Alper: The North American market is huge and AT is relatively unknown right now, so the biggest challenge really is clear, understandable and constant communication so that people can find us when they have matching opportunity and know when to use AT products. On the plus side, there’s an association with German companies for delivering very reliable engineering, very good quality, very good procedures and all of those things so that definitely helps to get a foot in the door.
What’s the biggest challenge opening a new office?
Alper: There’s of course the logistics of setting up the office and staffing and all those things. Also, to find out where to start, where and what to focus on and what to prioritize. There are so many exciting things to do to make the business run and people to talk to.
inspect: What is your goal for the coming years?
Alper: To develop new customers in a variety of fields, and then to start a team in the US that’s well integrated with the team in Germany. To continue the helpful, fun, exciting quality that’s in the headquarters over in the US and bring that energy to our customers.
You have been working with European companies for a long time. What are the biggest differences between the European and the North American market?
Alper: In my experience, the way things work in Europe is that information spreads more by word of mouth. If you make a really good product, people will find you. There’s a lot of good reputation, referrals, that kind of thing. In the U.S. and the North American market, marketing and communication is much stronger and more focused on making it easy for people to understand on their own what you do. It’s not just about having a good product. They need to really understand why it’s different, how to use it, and quickly assess whether it’s the right solution.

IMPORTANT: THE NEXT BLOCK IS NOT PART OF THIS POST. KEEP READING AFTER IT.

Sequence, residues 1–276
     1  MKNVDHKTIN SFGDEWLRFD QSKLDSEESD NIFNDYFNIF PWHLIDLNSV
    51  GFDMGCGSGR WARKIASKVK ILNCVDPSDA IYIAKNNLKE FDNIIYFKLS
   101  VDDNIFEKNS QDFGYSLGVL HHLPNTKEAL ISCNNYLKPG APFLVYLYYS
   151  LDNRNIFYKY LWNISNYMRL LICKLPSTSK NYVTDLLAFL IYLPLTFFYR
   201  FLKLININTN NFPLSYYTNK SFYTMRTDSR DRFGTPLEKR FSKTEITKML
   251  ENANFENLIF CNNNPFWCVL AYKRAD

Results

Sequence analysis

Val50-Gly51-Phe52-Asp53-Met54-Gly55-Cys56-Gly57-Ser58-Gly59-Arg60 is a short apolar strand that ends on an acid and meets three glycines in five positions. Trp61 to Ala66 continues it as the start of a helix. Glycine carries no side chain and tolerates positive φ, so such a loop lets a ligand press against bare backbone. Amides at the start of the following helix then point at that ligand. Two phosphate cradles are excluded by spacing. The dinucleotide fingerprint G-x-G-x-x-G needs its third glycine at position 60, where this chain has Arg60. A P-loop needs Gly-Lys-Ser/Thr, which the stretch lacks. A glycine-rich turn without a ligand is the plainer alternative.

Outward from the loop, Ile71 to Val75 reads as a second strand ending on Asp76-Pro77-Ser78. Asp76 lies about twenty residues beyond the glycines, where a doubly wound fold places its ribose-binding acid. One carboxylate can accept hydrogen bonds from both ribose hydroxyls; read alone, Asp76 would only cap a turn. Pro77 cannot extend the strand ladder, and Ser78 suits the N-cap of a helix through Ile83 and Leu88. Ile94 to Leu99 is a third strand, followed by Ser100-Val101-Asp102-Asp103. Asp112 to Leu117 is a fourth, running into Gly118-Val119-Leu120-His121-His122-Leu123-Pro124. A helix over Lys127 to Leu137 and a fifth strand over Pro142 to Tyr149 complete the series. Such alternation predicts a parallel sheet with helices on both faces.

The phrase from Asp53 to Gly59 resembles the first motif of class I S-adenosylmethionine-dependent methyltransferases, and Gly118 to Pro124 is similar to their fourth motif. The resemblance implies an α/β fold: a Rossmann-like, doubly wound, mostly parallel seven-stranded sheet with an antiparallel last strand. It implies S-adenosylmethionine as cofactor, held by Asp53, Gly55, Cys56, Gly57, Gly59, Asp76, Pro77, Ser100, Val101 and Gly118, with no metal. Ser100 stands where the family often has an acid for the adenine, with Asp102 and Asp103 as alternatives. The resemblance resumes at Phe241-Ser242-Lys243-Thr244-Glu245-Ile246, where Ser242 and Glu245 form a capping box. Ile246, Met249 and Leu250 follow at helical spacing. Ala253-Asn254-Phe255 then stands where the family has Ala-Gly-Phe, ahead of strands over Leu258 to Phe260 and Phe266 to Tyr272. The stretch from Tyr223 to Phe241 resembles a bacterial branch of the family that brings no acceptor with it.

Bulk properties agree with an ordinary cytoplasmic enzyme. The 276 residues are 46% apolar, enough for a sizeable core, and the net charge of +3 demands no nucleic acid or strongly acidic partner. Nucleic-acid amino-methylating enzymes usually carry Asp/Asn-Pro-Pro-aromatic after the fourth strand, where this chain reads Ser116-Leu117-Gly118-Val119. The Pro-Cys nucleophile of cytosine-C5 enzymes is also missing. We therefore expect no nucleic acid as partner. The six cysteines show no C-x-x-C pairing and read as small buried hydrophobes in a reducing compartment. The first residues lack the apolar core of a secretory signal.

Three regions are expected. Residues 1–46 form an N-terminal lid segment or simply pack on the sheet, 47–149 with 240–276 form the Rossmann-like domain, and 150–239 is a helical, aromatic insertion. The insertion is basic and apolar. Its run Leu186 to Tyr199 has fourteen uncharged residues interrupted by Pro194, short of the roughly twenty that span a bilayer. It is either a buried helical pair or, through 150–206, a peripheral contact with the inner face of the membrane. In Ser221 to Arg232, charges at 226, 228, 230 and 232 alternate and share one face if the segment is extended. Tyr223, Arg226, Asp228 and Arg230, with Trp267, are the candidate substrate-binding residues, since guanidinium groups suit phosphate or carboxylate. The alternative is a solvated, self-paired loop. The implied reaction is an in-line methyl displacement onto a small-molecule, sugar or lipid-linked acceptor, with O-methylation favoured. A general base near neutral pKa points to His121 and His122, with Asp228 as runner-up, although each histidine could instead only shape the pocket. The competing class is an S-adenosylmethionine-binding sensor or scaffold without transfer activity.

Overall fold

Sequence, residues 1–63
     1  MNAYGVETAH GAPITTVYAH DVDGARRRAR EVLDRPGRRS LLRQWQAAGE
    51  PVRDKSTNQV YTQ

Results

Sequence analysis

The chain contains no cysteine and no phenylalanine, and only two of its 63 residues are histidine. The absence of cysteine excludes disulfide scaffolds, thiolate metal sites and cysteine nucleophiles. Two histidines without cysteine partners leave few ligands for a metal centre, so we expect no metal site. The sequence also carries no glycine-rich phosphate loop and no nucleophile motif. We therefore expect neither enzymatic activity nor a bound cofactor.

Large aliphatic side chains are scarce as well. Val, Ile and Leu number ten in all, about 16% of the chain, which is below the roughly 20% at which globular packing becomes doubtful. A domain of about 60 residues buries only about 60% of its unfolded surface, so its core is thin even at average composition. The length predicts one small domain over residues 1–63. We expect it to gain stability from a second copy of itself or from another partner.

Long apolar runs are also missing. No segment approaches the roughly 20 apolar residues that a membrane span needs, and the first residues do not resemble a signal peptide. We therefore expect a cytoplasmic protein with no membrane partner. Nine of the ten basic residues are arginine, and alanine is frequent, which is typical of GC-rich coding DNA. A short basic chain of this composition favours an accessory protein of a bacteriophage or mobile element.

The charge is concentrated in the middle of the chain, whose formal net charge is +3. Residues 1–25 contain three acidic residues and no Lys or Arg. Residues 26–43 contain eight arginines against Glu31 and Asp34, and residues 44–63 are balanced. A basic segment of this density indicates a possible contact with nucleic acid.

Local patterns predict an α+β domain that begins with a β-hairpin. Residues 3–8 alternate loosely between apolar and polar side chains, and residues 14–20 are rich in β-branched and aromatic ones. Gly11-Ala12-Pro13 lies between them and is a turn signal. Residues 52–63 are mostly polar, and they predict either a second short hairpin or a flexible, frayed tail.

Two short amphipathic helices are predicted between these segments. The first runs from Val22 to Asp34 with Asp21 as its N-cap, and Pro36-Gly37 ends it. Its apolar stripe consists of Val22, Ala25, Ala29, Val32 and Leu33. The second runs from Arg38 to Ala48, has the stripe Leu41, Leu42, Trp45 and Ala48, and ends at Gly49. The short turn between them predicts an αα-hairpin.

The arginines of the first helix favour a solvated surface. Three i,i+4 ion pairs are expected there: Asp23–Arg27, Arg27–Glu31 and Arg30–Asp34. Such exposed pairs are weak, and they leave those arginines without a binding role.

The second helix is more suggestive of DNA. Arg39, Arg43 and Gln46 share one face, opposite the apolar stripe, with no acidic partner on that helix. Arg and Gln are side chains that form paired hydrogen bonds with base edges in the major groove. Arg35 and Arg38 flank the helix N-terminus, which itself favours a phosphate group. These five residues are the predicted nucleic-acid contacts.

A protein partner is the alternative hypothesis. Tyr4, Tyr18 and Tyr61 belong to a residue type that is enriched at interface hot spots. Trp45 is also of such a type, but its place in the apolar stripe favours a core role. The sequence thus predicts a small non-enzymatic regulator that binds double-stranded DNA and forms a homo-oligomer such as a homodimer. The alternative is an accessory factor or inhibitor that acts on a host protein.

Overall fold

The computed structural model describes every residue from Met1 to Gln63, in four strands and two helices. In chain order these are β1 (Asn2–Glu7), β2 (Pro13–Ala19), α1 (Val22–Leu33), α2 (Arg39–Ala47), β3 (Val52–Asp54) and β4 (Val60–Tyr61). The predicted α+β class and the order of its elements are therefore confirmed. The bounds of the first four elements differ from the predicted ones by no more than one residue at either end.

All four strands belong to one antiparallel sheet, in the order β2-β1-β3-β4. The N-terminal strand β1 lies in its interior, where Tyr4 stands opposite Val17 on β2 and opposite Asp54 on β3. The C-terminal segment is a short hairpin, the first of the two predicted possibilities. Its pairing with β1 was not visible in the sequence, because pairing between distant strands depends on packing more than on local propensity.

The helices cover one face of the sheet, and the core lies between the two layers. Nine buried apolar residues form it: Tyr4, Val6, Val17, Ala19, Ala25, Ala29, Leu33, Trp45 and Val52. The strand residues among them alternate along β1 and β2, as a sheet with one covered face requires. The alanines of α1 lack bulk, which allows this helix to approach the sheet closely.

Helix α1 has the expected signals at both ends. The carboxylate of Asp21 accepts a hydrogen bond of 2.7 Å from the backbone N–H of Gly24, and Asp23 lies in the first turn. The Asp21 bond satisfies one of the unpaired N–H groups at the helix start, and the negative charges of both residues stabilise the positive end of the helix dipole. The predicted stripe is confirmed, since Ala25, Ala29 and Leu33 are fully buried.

What is your professional background?
Alper: I studied chemical engineering for my bachelor’s degree. And during that time, I worked in a lab focused on optics where I got exposure to different metrology equipment and got really interested in that world. But I knew I didn’t want to work in the lab. It was solitary and slow.
So, when I graduated, I started working as an applications engineer with various semiconductor equipment manufacturers and traveled all over the world doing equipment installations.
I really like preliminary discussions and finding the right solutions, so I realized I wanted to be even more customer-facing and started working on my MBA. After I finished my degree, I started doing account management, business development and marketing for a Dutch image systems manufacturer.
Back then, they were relatively small, and I stayed with them for 18 years during which they grew significantly. I supported the growth process developing a lot of their business in the U.S.
What fascinates you about machine vision?
Alper: I’m very interested in the possibilities of machine vision. The range of applications is so extremely broad – from food inspection to electronics to wood and tire inspection. And I´m constantly learning about new applications. There are many things we don’t always think about, but then it’s amazing to see the background details of how all these things work that we use in our everyday lives.